What US investors want of Australian listed companies’ executive pay
09/12/2019
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The US Council of Institutional Investors has updated its executive remuneration policies. The council has considerable influence on investors based in the US, which may be relevant to ASX-listed companies with a significant proportion of US institutional investors.

The update indicates a remarkable convergence between UK and US investor requirements (see HERE) .

This also reflects our recent in-depth survey of global investor requirements (see HERE) .

For example, the CII echoes the UK Investment Association’s war on complexity – the publication introducing the new policy suggests “firms explore adopting simpler plans comprised of salary and restricted shares that vest over five years or more”.

Performance shares were considered too complex and opaque in many cases.

This is an interesting development. Since the GFC (and to an extent prior to that with the Enron and WorldCom crashes) the US has moved away from simple service restricted stock to performance share and unit plans based on TSR and earnings measures due to pressure from investors and proxy advisers Glass Lewis and ISS.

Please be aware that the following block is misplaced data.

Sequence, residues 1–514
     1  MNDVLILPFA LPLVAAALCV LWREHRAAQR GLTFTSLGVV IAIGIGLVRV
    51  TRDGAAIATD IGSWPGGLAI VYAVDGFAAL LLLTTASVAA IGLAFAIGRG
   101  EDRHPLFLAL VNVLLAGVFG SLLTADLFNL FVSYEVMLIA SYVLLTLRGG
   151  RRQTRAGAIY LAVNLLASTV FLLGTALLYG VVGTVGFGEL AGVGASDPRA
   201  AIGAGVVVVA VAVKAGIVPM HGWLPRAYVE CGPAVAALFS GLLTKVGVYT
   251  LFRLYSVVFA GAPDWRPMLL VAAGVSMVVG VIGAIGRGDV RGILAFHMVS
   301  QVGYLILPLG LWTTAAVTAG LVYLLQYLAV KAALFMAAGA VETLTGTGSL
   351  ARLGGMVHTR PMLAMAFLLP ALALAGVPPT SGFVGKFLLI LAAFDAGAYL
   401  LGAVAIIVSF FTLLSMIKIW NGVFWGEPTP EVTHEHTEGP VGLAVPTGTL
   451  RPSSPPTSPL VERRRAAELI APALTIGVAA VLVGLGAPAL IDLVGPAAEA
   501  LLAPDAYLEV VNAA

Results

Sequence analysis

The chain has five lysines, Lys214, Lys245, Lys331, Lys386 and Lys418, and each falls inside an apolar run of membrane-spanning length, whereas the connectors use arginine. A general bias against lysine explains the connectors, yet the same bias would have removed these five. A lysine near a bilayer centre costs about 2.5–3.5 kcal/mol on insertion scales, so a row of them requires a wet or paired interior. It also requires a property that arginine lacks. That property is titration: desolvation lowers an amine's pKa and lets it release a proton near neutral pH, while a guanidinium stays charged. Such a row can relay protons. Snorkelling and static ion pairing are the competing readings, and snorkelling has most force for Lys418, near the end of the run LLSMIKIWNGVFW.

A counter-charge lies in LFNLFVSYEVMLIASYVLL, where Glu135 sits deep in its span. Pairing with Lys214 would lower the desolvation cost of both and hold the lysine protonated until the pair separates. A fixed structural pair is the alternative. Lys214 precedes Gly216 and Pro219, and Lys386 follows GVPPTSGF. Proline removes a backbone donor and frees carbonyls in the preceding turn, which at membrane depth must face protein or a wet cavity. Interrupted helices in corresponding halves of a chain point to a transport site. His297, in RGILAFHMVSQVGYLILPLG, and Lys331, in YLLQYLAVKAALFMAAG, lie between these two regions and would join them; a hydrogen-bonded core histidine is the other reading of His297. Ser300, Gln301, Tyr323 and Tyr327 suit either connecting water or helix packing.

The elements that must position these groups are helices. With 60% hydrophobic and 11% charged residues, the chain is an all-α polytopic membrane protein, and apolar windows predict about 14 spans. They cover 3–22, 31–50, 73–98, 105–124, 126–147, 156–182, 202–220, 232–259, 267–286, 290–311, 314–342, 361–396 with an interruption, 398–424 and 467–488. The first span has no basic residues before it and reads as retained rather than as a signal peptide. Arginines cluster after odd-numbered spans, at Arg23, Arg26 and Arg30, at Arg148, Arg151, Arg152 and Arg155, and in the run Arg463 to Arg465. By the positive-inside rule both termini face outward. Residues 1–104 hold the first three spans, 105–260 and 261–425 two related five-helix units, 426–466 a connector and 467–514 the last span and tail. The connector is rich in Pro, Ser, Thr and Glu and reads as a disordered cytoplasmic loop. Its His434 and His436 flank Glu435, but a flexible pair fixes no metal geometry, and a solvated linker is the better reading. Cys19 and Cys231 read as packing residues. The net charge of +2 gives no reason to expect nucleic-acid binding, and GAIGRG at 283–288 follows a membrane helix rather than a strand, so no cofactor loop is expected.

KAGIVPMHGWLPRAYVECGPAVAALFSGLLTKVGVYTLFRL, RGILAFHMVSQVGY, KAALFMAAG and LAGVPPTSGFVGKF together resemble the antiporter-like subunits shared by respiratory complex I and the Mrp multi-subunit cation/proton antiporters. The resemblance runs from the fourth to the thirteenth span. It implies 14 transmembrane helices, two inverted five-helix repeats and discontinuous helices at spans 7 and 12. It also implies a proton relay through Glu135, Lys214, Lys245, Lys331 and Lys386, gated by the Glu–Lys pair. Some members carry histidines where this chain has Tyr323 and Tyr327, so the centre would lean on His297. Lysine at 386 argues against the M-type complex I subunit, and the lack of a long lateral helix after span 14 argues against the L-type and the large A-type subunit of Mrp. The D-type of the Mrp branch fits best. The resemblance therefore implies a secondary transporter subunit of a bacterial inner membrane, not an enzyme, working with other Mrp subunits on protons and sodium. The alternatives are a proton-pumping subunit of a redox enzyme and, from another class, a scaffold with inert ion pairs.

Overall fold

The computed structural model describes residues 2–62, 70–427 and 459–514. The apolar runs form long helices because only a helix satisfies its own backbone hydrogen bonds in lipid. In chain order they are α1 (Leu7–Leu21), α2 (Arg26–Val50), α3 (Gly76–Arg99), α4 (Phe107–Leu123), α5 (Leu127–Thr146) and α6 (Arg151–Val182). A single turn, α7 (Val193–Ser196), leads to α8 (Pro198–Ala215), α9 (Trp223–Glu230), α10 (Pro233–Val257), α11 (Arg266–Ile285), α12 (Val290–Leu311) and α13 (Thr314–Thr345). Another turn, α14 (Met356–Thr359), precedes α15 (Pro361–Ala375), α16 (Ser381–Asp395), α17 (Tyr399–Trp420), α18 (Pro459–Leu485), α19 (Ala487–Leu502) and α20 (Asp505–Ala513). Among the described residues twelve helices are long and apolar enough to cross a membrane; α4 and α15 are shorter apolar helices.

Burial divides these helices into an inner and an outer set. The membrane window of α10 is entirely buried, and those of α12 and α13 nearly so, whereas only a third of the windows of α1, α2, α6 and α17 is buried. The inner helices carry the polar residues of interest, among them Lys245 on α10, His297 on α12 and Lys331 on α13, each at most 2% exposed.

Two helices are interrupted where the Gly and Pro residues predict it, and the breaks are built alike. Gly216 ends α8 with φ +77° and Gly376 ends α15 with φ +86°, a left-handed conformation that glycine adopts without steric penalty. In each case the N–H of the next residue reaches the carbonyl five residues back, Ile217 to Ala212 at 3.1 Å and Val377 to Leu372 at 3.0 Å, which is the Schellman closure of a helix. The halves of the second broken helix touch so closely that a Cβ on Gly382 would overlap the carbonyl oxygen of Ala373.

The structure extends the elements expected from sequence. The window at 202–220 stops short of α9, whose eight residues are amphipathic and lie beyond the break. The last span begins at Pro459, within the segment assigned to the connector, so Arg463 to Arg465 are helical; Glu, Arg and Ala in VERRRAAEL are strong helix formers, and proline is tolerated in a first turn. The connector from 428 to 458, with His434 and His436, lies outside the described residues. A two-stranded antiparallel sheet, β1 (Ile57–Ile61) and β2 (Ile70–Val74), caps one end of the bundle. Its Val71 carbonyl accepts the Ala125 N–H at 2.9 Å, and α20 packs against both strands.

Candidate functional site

Executive ownership was also a key theme. The CII is of the view that companies should consider implementing a ban on all CEO and CFO share sales until departure.

The introduction of the CEO to worker pay ratio disclosure in the US 2 years ago has also had an effect. The CII considers employee pay a “reference point” for setting executive pay, and (again echoing concerns in the UK) employment benefits (such as retirement benefits or tax gross ups) should be consistent across the organisation.

A note of caution. Some significant Australian proxy advisers and investors have not yet caught-up, or necessarily agree, with the latest global governance perspectives of investors and some overseas proxy advisers. So, boards will have to navigate between the usual rock and a hard place for remuneration policies that are fit for purpose, and accommodate the often conflicting guidelines of their various stakeholders.

The following presents a checklist for boards based on the CII policy guidelines.

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1 See HERE

2 See HERE

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